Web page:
“The soul does not grow by addition but by subtraction.”Meister Eckhart
I was looking at the lampshade that I was designing as part of my business. I liked the way it turned out. And yet, something made me doubt whether it was ready to go to the client. I couldn’t tell exactly what it was.
Was it the shape? The size?
Straining my mind for an answer, I suddenly felt some unease growing in me. I knew very well what it meant. It usually means that I am frustrated with how things are going and want quick results.
Chuang Tzu, an ancient Chinese philosopher, told a parable of an archer who “needed to win.” At first, he was shooting just for fun and seldom missed.
When he was offered a reward, a brass buckle, he became nervous. Then, he was offered a prize of gold and went blind – started seeing two targets.
His skill didn’t change, but the prize divided him. He cared more about winning than shooting. The need to win drained him of power.
I also knew what my mind was doing. It was set on winning. On results. Not on the fun of designing. My unease made me blind – I couldn’t see what was lacking in the lampshade.
I stopped and took a breath. I needed a break. “The soul does not grow by addition but by subtraction,” the famous quote crossed my mind.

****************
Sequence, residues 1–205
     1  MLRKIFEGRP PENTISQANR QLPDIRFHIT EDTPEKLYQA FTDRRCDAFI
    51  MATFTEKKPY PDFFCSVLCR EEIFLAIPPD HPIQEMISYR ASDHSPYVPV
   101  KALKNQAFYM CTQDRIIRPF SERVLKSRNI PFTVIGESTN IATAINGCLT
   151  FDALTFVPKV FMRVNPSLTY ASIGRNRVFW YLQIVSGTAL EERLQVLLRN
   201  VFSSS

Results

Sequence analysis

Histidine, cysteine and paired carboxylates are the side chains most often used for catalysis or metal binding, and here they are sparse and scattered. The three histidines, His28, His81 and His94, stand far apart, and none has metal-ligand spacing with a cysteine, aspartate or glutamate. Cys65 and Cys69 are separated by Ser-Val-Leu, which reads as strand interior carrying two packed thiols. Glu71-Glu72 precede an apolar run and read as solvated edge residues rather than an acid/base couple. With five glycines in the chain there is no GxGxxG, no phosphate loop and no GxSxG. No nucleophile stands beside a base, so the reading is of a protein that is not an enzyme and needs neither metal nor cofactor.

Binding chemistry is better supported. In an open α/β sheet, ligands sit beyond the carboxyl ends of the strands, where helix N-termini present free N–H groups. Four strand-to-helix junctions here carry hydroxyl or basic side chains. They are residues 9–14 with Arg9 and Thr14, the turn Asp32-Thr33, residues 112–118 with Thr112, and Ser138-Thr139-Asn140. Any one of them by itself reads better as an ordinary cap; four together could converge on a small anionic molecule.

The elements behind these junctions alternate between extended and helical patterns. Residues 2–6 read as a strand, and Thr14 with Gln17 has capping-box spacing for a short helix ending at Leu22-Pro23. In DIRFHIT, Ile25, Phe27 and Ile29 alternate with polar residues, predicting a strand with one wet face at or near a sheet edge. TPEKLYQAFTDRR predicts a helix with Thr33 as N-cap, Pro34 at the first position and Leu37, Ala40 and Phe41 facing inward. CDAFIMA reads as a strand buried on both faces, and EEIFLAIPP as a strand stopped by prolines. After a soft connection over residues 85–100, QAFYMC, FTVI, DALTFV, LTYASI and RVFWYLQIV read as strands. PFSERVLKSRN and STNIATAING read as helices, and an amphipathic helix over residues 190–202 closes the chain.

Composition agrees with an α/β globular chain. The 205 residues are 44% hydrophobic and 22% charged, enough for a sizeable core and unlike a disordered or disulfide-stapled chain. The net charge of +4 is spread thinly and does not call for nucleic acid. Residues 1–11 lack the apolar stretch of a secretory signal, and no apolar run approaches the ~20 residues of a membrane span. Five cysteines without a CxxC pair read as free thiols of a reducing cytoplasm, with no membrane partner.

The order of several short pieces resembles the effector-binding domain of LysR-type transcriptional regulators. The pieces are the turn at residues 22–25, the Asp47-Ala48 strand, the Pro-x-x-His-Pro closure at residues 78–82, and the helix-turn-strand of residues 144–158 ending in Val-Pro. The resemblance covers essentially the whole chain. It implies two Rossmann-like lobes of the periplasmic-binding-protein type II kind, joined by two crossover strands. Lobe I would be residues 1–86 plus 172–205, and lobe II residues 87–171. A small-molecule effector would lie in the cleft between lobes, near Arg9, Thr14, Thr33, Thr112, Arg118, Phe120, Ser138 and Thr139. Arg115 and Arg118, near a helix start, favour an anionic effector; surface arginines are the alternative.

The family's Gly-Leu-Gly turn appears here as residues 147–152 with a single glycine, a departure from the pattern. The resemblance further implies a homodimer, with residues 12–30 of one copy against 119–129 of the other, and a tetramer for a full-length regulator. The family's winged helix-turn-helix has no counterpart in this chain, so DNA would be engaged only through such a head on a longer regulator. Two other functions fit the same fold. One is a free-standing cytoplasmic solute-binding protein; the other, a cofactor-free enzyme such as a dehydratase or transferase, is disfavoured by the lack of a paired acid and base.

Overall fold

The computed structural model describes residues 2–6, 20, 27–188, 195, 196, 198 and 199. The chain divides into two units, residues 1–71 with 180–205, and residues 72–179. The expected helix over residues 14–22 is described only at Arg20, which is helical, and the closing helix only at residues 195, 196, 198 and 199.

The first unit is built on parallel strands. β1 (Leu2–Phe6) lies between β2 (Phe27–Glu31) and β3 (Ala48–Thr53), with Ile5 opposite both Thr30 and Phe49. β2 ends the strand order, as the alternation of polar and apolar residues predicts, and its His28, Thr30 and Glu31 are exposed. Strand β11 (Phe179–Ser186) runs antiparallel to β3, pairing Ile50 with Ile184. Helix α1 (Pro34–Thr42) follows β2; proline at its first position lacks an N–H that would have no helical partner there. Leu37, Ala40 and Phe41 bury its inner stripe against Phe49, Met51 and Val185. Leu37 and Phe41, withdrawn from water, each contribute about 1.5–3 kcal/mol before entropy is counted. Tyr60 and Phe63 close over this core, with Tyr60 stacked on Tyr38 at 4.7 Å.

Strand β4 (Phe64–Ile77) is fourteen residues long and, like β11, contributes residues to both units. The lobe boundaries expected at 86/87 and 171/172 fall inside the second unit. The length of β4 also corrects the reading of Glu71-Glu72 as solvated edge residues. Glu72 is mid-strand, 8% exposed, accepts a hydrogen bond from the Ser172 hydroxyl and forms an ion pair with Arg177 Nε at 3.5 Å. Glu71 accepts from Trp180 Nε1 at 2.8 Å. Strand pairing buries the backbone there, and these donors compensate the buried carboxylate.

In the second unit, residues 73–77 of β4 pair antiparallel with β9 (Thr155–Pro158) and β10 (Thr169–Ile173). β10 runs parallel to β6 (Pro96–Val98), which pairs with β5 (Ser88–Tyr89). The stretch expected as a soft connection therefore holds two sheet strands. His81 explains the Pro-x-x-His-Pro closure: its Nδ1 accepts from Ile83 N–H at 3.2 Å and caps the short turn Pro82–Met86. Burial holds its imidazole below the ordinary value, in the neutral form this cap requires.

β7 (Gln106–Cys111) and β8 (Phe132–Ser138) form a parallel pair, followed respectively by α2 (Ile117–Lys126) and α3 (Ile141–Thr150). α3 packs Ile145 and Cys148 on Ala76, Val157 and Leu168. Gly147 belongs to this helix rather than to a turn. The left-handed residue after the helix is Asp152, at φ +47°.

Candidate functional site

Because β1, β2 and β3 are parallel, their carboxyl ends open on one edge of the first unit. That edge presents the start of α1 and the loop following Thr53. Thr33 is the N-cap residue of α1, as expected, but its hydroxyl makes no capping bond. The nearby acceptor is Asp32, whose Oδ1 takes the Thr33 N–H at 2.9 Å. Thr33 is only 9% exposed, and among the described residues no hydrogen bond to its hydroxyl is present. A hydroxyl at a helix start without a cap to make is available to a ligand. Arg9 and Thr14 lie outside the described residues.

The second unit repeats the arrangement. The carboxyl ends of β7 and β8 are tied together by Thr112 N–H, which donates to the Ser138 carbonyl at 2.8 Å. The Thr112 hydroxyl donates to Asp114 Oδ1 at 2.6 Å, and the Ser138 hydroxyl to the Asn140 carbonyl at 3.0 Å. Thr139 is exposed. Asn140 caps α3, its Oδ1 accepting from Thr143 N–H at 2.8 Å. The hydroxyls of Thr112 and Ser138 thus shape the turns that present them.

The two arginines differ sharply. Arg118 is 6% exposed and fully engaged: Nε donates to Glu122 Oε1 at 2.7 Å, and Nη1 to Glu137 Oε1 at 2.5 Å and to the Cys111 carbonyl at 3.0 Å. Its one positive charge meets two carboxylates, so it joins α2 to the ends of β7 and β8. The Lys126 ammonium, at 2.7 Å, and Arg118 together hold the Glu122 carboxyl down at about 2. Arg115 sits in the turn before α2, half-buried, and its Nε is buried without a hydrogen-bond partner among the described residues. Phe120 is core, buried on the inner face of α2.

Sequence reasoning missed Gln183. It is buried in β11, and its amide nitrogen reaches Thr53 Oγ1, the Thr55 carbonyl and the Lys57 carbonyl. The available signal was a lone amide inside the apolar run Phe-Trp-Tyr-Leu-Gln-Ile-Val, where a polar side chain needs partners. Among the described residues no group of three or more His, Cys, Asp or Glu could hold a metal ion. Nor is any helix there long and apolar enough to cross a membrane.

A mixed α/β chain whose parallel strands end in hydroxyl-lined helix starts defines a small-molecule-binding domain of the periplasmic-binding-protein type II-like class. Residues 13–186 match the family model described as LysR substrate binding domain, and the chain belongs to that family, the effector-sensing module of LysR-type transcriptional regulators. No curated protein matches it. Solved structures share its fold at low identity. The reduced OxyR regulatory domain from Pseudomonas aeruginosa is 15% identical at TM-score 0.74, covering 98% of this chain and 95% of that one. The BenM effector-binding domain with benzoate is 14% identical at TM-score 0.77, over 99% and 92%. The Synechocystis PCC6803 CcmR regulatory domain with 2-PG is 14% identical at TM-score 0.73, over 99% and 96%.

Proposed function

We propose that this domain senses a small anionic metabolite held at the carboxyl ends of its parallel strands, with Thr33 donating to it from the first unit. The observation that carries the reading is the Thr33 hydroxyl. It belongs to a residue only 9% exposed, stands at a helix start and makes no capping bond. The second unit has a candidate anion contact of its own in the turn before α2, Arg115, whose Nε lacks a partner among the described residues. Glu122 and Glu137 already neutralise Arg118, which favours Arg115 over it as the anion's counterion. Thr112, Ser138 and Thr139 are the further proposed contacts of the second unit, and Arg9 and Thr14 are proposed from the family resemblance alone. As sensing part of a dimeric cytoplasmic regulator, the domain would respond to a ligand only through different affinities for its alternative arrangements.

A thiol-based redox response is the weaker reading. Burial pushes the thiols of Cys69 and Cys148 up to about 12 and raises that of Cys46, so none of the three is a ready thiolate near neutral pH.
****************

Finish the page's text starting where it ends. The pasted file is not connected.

It felt counterintuitive – I had a deadline to meet. The project was due the next day. Just thinking about it gave me more anxiety. I was desperately grasping for control.
Sitting down in a chair by the window, I turned away from the lampshade. Do I really need to get it done today? What if I let it go and stay inactive for a while? The thought sent shivers down my spine. I could lose the client if I didn’t ship it on time.
But there was something else behind it all that I feared even more. Deep down in my heart, there was a little perfectionist who couldn’t bear the thought of not meeting someone’s expectations.
It was my self-image, my EGO, I was holding on to. It was my ego that made me so uneasy. I knew I needed to let go. I will stop striving for results and will trust my creative instincts.
Taking the leap of faith, I finished the last of my coffee and stepped out for a bike ride.
For the rest of the day, I was watching my mind intently – it would shoot back to the lampshade again and again. But, after some time of silence, it slowly loosened its grip.
I sat by the window, watching the kids play with a plastic bag that they inflated like a balloon. My wife was busy in the kitchen making pancakes – the Russian style! And then, finally, my mind was empty. For a while, I wasn’t thinking about anything in particular.
Noticing the smells, the rustling of the plastic bag, the laughter of the boys, I was becoming increasingly aware of what was going on around me. And there was peace, undisturbed by any thinking.
The next morning, I walked into the room and looked at the lampshade. And suddenly – bang! I got it. It struck me like lightning. It was a simple solution that only an empty mind could produce.
I added one piece to the shade and immediately knew in my heart that it was it. There was no doubt. Because it came out of emptiness. There was no ME in it.